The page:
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A vaccine to the rescue of bees

Natasha Kumar By Natasha Kumar Jan7,2024

A vaccine to the rescue of bees

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Hives infected with American foulbrood often need to be burned. (Archive photo)

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Next spring, Canadian beekeepers will be able to count on a new vaccine to fight against American foulbrood, a disease which wreaks havoc in hives.

Produced by the American biotechnology company Dalan Animal Health, this vaccine was approved by the Canadian Food Inspection Agency in the fall of 2023. This must be administered under veterinary supervision.

American foulbrood is a nightmare for many Canadian beekeepers.

This disease, caused by the bacteria Pænibacillus larvæ, attacks bee larvae and spreads quickly. Robert McBain, beekeeper and owner of Worker & Hive Bee Supply in Calgary says it can be transmitted from colony to colony even if they are miles apart.

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American foulbrood spores are found in beekeepers' equipment and in beeswax, where they can survive for decades, underlines Robert McBain.

It's like it never ends.

A quote from Reece Chandler, beekeeper and owner of Scandia Honey

To get rid of it , beekeepers must burn the hives. It also involves killing the bees inside, so it's terrible, says Reece Chandler, beekeeper and owner of Scandia Honey in Alberta.

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Tests to detect American foulbrood.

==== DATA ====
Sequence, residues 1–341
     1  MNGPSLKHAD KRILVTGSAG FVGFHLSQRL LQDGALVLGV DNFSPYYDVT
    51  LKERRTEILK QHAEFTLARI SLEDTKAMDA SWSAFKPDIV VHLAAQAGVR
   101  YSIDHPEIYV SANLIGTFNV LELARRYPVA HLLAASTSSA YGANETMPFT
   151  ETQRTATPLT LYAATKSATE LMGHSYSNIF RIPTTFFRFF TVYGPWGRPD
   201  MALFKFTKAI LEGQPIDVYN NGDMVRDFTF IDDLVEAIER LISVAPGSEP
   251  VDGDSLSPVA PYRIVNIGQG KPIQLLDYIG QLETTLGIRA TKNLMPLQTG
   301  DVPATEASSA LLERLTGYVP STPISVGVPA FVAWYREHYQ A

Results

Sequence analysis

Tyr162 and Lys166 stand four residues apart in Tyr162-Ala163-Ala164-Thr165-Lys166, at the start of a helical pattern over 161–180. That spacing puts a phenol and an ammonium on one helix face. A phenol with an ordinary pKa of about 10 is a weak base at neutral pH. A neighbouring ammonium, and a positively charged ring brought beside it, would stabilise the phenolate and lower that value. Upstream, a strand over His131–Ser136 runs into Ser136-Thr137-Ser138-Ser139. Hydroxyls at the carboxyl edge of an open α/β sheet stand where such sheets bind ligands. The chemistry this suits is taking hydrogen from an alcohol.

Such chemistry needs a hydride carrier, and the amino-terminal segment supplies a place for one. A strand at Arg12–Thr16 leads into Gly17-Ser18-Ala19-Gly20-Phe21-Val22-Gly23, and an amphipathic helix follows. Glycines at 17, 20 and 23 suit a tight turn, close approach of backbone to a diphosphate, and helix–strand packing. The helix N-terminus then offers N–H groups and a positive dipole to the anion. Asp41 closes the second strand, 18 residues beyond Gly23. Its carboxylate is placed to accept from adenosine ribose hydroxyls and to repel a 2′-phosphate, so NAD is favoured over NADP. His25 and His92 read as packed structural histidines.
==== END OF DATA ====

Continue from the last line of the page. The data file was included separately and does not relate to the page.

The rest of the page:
Antibiotics also exist to fight American foulbrood. However, Robert McBain notes that growers are seeing resistance to antibiotics. Reece Chandler adds that their use can alter consumers' perceptions of bee products.

The financial consequences of American foulbrood can be considerable for beekeepers. According to Alberta Agriculture and Forestry, the consequences of this disease could result in financial losses of up to $18.4 million in the province if left untreated.

The vaccine is incorporated into the food of the bees, who then pass it on to the queen by feeding her. The queen then passes on her immunity to the eggs she lays, which protects the larvae in the hive.

It's very exciting, says Reece Chandler, who will use this vaccine without hesitation.

We'd be crazy not to use all the tools we have in our trunk. It's already difficult to keep bees alive in Canada.

A quote from Reece Chandler, beekeeper and owner of Scandia Honey

According to him , this vaccine could also allow advances in the treatment of other diseases that affect bees, such as European foulbrood, which is increasingly widespread in Canada.

Distribution of this vaccine in Canada will begin in spring 2024.

With information from Dan McGarvey< /p>

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Natasha Kumar

By Natasha Kumar

Natasha Kumar has been a reporter on the news desk since 2018. Before that she wrote about young adolescence and family dynamics for Styles and was the legal affairs correspondent for the Metro desk. Before joining The Times Hub, Natasha Kumar worked as a staff writer at the Village Voice and a freelancer for Newsday, The Wall Street Journal, GQ and Mirabella. To get in touch, contact me through my 1-800-268-7116

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